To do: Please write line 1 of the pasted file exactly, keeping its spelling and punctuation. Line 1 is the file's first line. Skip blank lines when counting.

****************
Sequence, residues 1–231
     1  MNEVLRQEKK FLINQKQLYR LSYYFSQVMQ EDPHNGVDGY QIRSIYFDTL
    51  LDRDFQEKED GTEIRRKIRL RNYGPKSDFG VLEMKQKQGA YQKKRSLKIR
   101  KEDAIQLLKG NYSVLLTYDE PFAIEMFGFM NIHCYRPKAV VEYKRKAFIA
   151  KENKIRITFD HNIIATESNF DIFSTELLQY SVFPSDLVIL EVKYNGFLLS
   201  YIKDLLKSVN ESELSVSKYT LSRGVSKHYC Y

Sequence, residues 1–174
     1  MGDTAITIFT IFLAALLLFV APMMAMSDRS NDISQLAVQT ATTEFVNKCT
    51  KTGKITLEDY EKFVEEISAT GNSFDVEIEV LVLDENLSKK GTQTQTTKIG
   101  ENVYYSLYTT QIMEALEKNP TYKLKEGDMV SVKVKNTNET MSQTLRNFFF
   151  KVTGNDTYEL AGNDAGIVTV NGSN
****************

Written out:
Sequence, residues 1–231